Dutch forward says ‘Yes! Bye!’ to United States after World Cup elimination

Netherlands' Lineth Beerensteyn (7) chases the ball during the second half Women's World Cup round of 16 soccer match between the Netherlands and South Africa at the Sydney Football Stadium in Sydney, Australia, Sunday, Aug. 6, 2023. (Rick Rycroft/AP)

WELLINGTON, New Zealand — Netherlands forward Lineth Beerensteyn is happy to admit her first reaction on learning the United States had been knocked out of the Women’s World Cup was “bye!”

It was raw and spontaneous relief, coupled with a little schadenfreude. The joy over someone else’s demise was, perhaps, understandable.

The U.S. and Netherlands played out a tight 1-1 draw during the group stage in Wellington, where the Dutch will meet Spain on Friday in the quarterfinals. The group-stage match was a repeat of the 2019 final, when the United States beat Netherlands 2-0.

Beerensteyn played in that final, which in part may explain her relief that she won’t have to play the United States again at this tournament. The Americans lost in a penalty shootout to Sweden after their round-of-16 game ended in a draw after extra time.

“From the first moment I heard they were out I was just like ‘Yes! Bye!’” Beerensteyn said Thursday. “From the start of the tournament they … were already talking about the final.

“I was thinking, ‘You first have to show it on the pitch before you talk.’”

The Dutch forward said she didn’t mean to be rude in her observations.

“I still have a lot of respect for them but now they’re out of the tournament,” she said. “For me it’s a relief and for them it’s something they will have to take with them in the future.”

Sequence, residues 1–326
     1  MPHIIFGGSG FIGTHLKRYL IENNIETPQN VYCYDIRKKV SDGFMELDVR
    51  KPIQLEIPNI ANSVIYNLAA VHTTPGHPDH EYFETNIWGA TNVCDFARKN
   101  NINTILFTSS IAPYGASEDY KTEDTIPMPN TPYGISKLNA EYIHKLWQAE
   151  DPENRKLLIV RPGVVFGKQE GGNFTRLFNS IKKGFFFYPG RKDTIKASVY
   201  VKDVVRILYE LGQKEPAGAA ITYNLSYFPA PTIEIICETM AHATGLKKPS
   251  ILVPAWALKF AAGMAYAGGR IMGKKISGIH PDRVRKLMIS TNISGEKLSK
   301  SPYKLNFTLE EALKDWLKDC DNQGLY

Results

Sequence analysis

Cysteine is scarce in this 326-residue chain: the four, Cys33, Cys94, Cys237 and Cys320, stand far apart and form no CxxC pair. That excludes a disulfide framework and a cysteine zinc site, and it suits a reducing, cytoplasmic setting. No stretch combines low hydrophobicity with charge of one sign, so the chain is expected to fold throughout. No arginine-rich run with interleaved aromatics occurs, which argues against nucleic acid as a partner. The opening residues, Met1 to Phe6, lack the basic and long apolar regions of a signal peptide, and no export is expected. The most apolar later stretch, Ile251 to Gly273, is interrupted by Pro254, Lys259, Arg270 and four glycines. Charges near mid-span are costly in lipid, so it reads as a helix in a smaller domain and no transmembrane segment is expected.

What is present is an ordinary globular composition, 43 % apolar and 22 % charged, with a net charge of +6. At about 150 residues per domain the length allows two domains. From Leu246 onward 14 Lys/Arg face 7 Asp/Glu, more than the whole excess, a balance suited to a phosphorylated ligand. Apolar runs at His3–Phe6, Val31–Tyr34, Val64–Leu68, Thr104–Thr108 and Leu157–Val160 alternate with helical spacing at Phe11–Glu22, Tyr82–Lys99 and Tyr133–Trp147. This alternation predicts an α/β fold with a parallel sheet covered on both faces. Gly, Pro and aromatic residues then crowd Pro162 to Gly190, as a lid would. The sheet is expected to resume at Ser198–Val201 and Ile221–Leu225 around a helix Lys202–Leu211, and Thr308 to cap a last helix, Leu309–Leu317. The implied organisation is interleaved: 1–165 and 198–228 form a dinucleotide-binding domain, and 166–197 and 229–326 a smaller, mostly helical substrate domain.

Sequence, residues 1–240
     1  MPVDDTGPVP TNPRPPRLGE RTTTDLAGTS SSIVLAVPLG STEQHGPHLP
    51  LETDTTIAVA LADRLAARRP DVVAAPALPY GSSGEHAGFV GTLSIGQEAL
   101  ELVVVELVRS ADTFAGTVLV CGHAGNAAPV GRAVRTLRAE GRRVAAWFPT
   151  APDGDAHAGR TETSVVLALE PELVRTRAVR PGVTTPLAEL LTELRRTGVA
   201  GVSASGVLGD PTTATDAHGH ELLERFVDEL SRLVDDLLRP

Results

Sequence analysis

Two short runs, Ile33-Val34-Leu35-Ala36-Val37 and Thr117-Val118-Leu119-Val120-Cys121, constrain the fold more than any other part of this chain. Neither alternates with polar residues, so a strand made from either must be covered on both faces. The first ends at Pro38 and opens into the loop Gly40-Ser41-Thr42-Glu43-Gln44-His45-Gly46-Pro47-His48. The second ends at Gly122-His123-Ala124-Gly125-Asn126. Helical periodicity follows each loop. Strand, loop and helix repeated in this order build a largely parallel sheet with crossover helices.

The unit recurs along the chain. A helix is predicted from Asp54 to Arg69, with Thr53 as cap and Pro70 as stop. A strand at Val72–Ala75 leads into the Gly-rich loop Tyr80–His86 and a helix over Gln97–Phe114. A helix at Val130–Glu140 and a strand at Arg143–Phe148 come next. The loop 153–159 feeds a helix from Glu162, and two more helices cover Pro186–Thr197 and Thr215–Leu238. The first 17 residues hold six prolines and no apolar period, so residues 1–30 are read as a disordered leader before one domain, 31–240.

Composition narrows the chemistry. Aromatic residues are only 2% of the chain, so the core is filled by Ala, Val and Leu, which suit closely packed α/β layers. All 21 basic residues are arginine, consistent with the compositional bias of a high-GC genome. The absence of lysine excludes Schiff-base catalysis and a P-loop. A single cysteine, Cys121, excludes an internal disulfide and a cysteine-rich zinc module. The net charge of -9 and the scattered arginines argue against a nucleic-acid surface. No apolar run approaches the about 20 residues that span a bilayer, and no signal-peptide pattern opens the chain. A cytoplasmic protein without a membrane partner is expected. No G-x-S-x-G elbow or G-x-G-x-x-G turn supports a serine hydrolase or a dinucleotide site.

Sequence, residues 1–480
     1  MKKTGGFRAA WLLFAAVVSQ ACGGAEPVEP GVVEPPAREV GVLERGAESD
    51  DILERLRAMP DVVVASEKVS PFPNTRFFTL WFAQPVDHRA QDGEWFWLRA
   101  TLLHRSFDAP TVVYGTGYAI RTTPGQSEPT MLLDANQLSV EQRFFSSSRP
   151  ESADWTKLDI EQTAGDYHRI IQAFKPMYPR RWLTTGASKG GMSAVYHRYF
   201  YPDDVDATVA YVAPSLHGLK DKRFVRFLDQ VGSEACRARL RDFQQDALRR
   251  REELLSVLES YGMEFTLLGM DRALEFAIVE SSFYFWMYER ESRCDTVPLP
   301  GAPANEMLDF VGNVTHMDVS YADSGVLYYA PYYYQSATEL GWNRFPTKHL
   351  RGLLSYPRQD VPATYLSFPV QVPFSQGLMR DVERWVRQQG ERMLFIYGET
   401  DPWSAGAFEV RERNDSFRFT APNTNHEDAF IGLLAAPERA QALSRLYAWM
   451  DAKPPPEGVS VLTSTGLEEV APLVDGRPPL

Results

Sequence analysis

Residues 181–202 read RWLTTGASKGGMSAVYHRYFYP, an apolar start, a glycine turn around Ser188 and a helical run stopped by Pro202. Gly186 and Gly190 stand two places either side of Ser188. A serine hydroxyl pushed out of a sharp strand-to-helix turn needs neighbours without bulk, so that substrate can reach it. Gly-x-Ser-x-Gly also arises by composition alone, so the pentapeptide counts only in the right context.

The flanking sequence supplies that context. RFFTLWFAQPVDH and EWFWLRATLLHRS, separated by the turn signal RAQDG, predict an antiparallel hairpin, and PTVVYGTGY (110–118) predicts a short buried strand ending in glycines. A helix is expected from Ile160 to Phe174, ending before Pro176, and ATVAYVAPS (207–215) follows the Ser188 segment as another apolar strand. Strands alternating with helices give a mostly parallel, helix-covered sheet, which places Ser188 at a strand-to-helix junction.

Beerensteyn and her Dutch teammates go into the quarterfinal in good form and in good heart.

Apart from the draw with the United States, Netherlands beat Portugal 1-0 and Vietnam 7-0 in group play and South Africa 2-0 in the round of 16.

Friday’s match throws up a thrilling head-to-head contest in midfield between Jill Roorde for Netherlands and Aitana Bonmati for Spain. Both play in central midfield and are goal creators as well as scorers.

Bonmati has contributed three goals and two assists for Spain so far. Roord has four goals, one behind tournament-leading Hinata Miyazawa of Japan. Against South Africa, Roord regained possession eight times and won four tackles in the middle of the field.

Bonmati has stepped up as a leader for Spain as injury continues to curb the influence of Alexia Putellas, the two-time Ballon d’Or winner.

Putellas started two matches in the group stage, playing around an hour both times, and joined Spain’s 5-1 win over Switzerland in the round of 16 from the bench in the 77th minute.

Bonmati said this week a leadership role comes naturally.

“For me, it’s innate,” she said. “I like to communicate, I like to talk and I like to transmit that character to the whole team. When I have the ball, when I don’t have the ball, when things are going badly, I always try to help my team.”

For Netherlands, there’s been a couple of sour notes.

Midfielder Danielle van de Donk will miss the quarterfinal after picking up a second yellow card against South Africa.

“I feel very stupid,” she told Dutch media. “You don’t want to be suspended for the next round and I now have to deal with that personally.”

The match also is played at the most inconvenient time for fans in Europe — the 1 p.m. kick off in New Zealand is 3 a.m. in Netherlands.

“It’s a shame the fans of the countries involved have to watch the game in the middle of the night,” Netherlands coach Andries Jonker said. “But on the other hand it’s the consequence if you organize a tournament in this part of the world and we should take it as it is.

“If you like good football, a fight, tension, then watch it.”

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